Tom Davis MD, FAAFP, a family physician in Washington, Missouri, admits he’s made a number of errors in his 25 years in medicine and is in favor of this ruling as it frees clinicians to use the best liability prevention weapon—an apology.
“In a world where healthcare is becoming more corporate and less human, it’s a single step toward restoring the human connection of clinician and patient—to the benefit of both,” he says. “The experience has to be face-to-face, human and personal. You have to make a connection.”
Davis says any apology should be done with witnesses around, preferably loved ones and supporters of the patient, plus one other who is neutral to both parties. This is something he learned from his mentors in residency.
“When I screwed up, I came clean as fully and quickly as possible. I did so face-to-face with a full explanation of what went wrong and why, admitted my personal responsibility, described the consequences of my error and what was in my power to mitigate them,” he says. “Not once did any of them file against me.”
Alessi notes that research has shown that a physician who commiserates with his or her patient over such an outcome is far less likely to be sued for malpractice than a physician who does not do so.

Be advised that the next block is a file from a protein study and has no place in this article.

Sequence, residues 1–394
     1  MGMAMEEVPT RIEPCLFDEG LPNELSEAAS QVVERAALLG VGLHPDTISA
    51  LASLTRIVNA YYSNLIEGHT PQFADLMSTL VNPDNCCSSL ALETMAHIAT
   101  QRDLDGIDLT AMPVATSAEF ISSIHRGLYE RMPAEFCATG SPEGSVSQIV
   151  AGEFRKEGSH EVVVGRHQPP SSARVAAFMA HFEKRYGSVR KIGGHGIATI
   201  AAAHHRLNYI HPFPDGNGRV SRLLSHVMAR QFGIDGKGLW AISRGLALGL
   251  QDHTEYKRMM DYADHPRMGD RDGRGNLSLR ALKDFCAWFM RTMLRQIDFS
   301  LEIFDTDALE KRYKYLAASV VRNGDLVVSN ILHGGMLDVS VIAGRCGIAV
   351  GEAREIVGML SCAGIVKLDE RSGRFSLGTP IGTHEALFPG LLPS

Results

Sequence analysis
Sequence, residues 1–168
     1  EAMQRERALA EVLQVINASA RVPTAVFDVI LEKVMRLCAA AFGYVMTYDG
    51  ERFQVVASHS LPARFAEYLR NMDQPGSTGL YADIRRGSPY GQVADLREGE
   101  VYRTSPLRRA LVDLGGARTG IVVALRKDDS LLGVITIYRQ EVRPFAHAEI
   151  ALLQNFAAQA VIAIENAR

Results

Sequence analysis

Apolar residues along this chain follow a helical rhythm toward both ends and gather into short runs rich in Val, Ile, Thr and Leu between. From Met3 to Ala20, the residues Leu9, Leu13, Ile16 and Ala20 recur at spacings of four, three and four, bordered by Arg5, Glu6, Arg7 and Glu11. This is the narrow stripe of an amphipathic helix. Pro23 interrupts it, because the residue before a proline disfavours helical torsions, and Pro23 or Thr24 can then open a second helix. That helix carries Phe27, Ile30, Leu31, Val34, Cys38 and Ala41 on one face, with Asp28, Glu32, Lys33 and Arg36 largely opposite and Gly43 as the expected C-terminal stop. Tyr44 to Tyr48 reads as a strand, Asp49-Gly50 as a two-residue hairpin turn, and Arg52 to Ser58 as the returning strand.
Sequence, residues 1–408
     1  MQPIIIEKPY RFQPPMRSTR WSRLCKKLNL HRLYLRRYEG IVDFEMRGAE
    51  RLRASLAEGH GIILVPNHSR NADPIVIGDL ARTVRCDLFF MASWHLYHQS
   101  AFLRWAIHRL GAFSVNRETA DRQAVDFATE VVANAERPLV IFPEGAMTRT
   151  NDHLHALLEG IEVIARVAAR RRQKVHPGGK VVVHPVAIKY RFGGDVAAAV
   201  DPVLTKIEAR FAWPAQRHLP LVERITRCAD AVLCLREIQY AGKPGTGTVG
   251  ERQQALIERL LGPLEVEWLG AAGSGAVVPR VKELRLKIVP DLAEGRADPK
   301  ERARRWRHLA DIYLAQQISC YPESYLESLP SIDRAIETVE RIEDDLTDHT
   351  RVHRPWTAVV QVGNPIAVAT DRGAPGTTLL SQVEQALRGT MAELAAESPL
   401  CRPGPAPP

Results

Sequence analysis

“Such empathy also permits the physician to express his or her humanity to the patient, to be true to the profession’s calling to be healing, both physically and emotionally, when the outcome is not what the patient had hoped for, and to assist the patient and the family to accept this outcome,” he says in an email.
Not Just Ohio
Alessi notes that 36 states have enacted what are known as “physician apology statutes,” and the essence of all is that a court cannot permit any testimony or other evidence to be presented to the jury showing that the physician expressed any feelings of empathic or condolences for a patient after an unanticipated, adverse outcome.